Weekend Cooking hosted by www.BethFishReads.comWeekend Cooking is open to anyone who has any kind of food-related post to share: Book reviews (novel, nonfiction), cookbook reviews, movie reviews, recipes, random thoughts, gadgets, quotations, photographs, restaurant reviews, travel information, or fun food facts. If your post is even vaguely foodie, feel free to grab the button and link up anytime over the weekend. You do not have to post on the weekend. Please link to your specific post, not your blog's home page.

NOTE: Mr. Linky sometimes is mean and will give you an error message. He's usually wrong and your link went through just fine the first time. Grrrr.

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10 August 2018

Vacation Reading; Or, What's on My Tablet

New books in August & September 2018Do you read when you're on vacation? I always have high hopes of quiet evenings or relaxing afternoons with my books, but in fact, I rarely read at all when I'm on an adventure.

Nevertheless, I simply cannot travel without a book or two (or twenty). Because, well, you never know, and I kind of panic at the thought of being stuck without something to read!

Truth is, I usually manage an audiobook or two when in the car or on a train. But even then my mind is not solidly on my book. After all, there are new things to see out the window.

Airplanes are a safer bet for audio or print reading, especially when traveling alone. I always hope a book, earbuds, or tablet tells the stranger sitting next to me to simply leave me alone. Alas, it doesn't always work.

In the old days, I would carefully choose two or three paperbacks, judging their weight and resigning myself to leaving them behind after I finished reading. Now, thanks to eBooks, smartphones, and tablets, I don't have to make those painful decisions. I can take ALL.THE.BOOKS!

So, even though I know I probably won't read a page, I downloaded a bunch of August and September eGalleys to my tablet. Because, yeah, I can't travel without a gazillion books! *insert hysterical laughter here*

Here's a peek at a few of the books I'm "packing" for vacation. I also have literary fiction and nonfiction on my tablet, but let's face it, I'm probably going to turn to escape reading.

Historical Fiction

  • Books for Vaction ReadingThe Air You Breath by Frances De Pointes Peebles (Riverhead, August): Set in Brazil and then America, starting in the 1930. The story of a childhood friendship that remains strong as the girls mature into women.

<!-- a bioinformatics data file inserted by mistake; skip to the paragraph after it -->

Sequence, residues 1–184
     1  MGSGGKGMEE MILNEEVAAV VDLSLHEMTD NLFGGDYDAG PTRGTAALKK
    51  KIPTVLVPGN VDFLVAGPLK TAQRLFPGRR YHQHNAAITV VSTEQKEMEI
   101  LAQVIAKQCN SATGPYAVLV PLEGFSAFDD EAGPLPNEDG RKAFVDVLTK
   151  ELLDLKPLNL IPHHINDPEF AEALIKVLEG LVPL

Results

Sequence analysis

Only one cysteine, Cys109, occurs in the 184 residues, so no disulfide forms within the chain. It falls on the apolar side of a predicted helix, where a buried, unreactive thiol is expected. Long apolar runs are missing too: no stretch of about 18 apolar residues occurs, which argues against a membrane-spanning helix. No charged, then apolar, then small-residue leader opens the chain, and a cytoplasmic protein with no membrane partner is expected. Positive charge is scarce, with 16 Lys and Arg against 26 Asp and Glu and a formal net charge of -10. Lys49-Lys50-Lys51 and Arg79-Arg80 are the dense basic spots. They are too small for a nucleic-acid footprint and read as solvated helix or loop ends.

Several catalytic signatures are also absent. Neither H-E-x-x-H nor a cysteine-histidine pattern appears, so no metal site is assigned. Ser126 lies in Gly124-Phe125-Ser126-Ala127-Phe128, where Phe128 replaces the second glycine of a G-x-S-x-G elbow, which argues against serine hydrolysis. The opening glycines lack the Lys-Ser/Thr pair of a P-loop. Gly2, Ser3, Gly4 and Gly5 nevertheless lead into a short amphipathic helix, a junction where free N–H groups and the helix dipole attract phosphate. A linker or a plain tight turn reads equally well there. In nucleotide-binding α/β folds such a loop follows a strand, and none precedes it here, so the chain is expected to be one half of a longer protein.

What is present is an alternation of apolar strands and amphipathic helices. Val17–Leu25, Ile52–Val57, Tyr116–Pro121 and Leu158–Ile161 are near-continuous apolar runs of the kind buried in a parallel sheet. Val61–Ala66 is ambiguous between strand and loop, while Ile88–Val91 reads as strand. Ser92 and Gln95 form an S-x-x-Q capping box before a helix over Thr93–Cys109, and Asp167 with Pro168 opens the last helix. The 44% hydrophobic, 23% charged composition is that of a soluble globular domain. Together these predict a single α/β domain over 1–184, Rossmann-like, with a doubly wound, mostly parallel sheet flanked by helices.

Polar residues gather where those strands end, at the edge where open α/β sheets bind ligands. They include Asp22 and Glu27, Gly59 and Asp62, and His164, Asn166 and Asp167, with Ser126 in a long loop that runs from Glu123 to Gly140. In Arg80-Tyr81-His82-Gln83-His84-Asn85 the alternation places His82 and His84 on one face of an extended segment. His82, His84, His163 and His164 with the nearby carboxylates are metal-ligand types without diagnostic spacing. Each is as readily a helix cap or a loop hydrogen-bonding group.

• The Glass Ocean by Beatriz Williams, Lauren Willig, and Karen White (William Morrow, August): Set in the modern times and 1915. The story of three women and their link to the ill-fated RMS Lusitania.
  • The Last Hours by Minette Walters (Mira, August): Set in Dorsetshire in the mid-1300s. The story of a noble woman trying to protect her people from both the plague and the all-too-human murderer in their mist.
  • The Lost Carousel of Provence by Juliet Blackwell (Berkley, September): Set in modern times and about 100 years ago in France. A freelance photography delves into the history of a fallen family and their once great estate.
Mysteries & Thrillers
  • Vaction reading in 2018Desolation Mountain by William Kent Krueger (Atria, September): Set in Minnesota; part of a series. In the latest Cork O'Connor mystery, the detective and his son investigate the circumstances that caused a private plane to crash, killing a U.S. Senator.
  • Leave No Trace by Mindy Mejia (Emily Bestler, September): Set in Minnesota; a standalone. A language specialist at a psychiatric hospital is charged helping a new uncommunicative patient. A decade earlier the patient had disappeared with his father into the Boundary Waters; can she learn what happened?
  • Our House by Louise Candlish (Berkley, August): Set in London; a standalone. When a woman pulls up to the house she shares with her ex-husband, a new family is moving in. Her husband and children have disappeared and she is left alone to face the past and the secrets they so carefully kept.
  • A Willing Murder by Jude Deveraux (Mira, September): Set in Florida; a debut mystery from a romance author. A writer, her housemate, and her niece team together to solve a 20-year-old murder of a local mother and daughter. Could be the start of a new cozy series.
Speculative Fiction
  • Books to read on vacation 2018Melmoth by Sarah Perry (Custom House, October): A Gothic tale, set throughout the 20th century and across the globe, following a robed figure of fairy tales and legends who dooms all those who cross her path.
  • Rule by Ellen Goodlett (Little, Brown BYR, September): First in a duology. Three illegitimate daughters of a dying king are brought to court and told one will be heir to the throne. Each has secrets and different strengths, and only one can rule.